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Pacific Lutheran University

Publication Date

Fall 2012

Program Name

Nicaragua: Revolution, Transformation, and Civil Society

Abstract

The women of rural northern Nicaragua live in a context that is shaped by the inequalities of gender and class that originate in machista culture and the dominant economic system. To confront this reality, the non-government organization, Fundación Entre Mujeres (FEM) works from the “Gender and Development” (GAD) approach using a model of holistic women’s empowerment. To create social change, FEM’s programs focus on ideological, economic, and organizational empowerment. This investigation seeks to understand how FEM carries out its holistic empowerment model within communities, while reflecting on the strengths of their methodology and the challenges they face in creating social change. The analysis is based on Aruna Rao and David Kelleher’s model for social change that prescribes the necessity of working for change in formal and informal capacities at both the individual and systematic levels of society. The conclusions of this study are based on interviews with women and men who are apart of FEM or who have been affected by its programs in addition to participant observations in the community of Los Llanos and at other FEM activities. The hope is that an examination of FEM’s holistic empowerment model can offer insight into how it is possible to change oppressive systems and create alternatives where equality and dignity are the cultural norms.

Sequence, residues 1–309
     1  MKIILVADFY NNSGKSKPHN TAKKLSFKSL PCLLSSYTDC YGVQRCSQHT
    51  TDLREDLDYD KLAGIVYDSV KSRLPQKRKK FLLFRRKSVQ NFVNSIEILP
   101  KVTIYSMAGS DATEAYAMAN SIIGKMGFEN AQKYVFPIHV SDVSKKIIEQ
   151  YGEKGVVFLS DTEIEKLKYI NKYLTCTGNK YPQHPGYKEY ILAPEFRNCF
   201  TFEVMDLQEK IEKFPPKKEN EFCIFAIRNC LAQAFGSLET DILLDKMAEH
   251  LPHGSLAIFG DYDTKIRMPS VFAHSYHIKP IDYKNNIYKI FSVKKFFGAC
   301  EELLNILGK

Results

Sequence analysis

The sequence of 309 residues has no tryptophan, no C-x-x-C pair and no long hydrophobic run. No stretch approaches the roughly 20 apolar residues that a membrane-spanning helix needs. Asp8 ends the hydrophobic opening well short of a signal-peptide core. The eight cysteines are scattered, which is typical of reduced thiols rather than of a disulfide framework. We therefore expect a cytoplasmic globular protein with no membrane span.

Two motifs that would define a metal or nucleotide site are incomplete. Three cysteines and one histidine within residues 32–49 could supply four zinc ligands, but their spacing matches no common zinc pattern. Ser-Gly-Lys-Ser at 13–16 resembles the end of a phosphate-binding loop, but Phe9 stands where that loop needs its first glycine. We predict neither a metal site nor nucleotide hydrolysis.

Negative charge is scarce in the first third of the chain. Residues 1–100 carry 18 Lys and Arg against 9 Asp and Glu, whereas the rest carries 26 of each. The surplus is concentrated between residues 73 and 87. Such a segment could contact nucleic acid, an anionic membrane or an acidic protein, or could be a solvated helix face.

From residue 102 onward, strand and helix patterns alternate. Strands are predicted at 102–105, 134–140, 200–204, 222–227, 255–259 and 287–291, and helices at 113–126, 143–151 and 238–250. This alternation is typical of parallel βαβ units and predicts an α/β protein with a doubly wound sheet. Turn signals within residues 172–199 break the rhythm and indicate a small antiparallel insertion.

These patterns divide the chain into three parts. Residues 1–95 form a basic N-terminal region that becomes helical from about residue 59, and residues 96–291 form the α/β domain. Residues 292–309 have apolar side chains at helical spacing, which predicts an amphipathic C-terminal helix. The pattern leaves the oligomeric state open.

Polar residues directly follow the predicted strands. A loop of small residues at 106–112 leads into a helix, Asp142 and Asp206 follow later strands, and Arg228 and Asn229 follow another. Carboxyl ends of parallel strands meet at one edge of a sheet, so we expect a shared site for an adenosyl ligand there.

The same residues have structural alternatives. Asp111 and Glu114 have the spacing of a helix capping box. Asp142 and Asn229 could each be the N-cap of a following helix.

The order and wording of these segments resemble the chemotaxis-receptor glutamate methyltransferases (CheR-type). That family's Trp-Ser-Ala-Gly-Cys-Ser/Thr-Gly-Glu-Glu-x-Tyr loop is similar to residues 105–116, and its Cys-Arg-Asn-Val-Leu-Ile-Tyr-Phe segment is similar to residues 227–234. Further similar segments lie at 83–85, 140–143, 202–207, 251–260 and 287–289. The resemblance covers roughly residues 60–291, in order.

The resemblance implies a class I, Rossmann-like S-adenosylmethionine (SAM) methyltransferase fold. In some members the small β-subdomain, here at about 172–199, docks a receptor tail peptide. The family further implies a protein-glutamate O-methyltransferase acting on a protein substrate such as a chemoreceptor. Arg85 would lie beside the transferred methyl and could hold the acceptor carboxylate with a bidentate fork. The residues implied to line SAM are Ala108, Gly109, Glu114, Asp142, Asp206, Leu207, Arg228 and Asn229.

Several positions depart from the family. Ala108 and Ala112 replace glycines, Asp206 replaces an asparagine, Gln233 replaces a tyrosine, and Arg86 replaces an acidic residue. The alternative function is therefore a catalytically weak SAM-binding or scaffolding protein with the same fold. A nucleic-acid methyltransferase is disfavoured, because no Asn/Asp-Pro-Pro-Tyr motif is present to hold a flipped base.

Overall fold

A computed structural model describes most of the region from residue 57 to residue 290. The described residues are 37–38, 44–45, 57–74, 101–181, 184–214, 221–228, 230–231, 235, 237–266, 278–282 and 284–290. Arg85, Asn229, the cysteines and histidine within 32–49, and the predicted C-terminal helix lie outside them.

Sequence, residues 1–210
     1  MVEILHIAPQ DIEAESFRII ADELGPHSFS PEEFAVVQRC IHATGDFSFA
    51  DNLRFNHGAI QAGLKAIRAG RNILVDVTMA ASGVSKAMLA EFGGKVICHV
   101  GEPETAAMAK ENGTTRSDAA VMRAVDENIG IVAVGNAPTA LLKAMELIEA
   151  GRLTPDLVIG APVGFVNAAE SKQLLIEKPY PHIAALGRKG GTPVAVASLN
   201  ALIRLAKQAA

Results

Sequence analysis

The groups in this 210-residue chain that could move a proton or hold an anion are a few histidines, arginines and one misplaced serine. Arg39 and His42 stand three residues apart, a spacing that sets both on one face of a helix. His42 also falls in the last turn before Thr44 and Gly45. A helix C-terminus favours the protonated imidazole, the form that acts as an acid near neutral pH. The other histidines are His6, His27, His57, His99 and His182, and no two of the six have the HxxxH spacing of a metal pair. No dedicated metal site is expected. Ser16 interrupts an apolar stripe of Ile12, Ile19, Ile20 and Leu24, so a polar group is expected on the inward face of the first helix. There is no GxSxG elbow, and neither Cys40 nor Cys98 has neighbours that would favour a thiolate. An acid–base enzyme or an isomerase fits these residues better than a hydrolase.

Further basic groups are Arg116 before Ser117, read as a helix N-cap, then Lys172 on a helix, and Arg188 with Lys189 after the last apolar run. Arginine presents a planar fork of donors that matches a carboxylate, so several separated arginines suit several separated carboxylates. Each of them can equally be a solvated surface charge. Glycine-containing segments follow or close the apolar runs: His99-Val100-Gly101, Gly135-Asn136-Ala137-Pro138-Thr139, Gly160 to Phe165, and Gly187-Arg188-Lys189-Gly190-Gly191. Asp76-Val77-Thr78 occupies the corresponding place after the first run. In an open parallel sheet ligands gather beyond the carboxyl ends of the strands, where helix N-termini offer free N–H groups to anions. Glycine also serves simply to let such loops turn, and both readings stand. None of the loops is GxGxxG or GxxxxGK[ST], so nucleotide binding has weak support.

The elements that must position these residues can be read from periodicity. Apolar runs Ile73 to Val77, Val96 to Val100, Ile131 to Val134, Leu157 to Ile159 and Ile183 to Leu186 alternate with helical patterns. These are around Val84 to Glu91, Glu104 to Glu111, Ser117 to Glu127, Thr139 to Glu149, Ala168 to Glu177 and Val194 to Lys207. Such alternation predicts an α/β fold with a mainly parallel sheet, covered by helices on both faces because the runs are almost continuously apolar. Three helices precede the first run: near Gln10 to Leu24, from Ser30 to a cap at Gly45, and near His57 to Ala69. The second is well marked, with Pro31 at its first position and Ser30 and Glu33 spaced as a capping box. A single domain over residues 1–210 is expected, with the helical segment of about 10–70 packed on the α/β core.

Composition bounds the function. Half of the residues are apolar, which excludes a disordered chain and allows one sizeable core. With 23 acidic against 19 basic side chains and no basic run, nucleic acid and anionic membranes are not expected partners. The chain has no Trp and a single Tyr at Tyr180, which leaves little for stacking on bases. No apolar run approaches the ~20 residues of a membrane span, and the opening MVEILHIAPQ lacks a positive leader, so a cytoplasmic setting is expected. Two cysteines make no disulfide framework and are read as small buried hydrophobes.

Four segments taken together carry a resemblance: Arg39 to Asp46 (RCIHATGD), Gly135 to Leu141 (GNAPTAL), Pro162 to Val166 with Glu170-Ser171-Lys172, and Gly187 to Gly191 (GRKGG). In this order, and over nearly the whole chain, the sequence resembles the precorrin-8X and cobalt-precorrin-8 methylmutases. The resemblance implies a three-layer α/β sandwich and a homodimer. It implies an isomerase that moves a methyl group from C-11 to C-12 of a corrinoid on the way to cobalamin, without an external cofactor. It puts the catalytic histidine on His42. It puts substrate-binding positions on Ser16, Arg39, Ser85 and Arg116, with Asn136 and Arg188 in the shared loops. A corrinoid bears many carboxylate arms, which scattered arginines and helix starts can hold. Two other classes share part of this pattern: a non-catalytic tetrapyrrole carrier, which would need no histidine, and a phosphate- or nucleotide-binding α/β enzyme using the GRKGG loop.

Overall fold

Disciplines

Family, Life Course, and Society | Feminist, Gender, and Sexuality Studies | Gender and Sexuality | Inequality and Stratification | Politics and Social Change | Rural Sociology | Social and Cultural Anthropology

 

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